Over the course of 20 years and $20 million a program called Star Gate originally started by the CIA in 1972 and bumped around to several different government agencies was shut down in 1995 at the recommendation of the American Institutes for Research (AIR) after it conducted an evaluation of the program at the government’s request. According to the CIA the program “has not been shown to have value in intelligence operations” and “remote viewings have never provided an adequate basis for ‘actionable’ intelligence operations-that is, information sufficiently valuable or compelling so that action was taken as a result.” In short, it was a waste of time and money. It’s just a shame it took 20 years for them to figure this out.

    In 1989 Major Ed Dames, who participated in the program during the time that the Army took it over, took it upon himself to found a private company devoted to remote viewing called PSI TECH. Ed Dames went on to acquire no small amount of notoriety on Art Bell’s Coast-to-Coast AM radio show as “Doctor Doom” for repeated announcements of impending disasters that never actually happened. He has since left PSI TECH after a protracted legal battle with his (now) ex-wife who controls the company to this day. To date no reputable studies of remote viewing have suggested that it’s a viable form of gathering accurate information.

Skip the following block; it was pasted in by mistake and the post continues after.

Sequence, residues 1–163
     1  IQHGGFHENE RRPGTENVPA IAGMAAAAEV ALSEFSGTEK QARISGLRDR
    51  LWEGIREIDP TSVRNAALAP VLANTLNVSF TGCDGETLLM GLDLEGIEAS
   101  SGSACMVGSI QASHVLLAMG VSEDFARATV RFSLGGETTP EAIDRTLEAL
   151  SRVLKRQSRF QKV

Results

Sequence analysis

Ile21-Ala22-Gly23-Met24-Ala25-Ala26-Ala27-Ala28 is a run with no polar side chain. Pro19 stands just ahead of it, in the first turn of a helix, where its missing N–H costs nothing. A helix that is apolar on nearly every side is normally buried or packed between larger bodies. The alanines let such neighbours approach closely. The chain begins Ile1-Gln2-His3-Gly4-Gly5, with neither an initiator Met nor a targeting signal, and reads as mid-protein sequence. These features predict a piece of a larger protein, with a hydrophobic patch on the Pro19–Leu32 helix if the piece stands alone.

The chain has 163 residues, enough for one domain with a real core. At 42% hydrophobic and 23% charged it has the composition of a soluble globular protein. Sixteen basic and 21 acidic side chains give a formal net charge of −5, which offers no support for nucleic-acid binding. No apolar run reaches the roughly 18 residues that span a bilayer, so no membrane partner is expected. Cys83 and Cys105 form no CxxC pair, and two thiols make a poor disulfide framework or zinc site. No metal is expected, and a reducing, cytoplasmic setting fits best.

Remote viewing, like many purported psychic abilities, is still a pipe dream at best and bullshit at worst. My vote is on bullshit.

    China ain’t exactly a bastion of religious-based-science, and they spend even more on this stuff than American or the British combined.

    What China chooses to waste its money on is of little concern to me. Let them throw it away if they wish to do so as it’ll be less for them to spend on things like tanks and bombs.

  17. Remote viewing, like many purported psychic abilities, is still a pipe dream at best and bullshit at worst. My vote is on bullshit.

    Oh yeah, Mr. Smarty Pants?  The next thing you’ll say is that Uri Geller can’t really fix old watches over the television…

Leave a Reply

Your email address will not be published. Required fields are marked *

This site uses Akismet to reduce spam. Learn how your comment data is processed.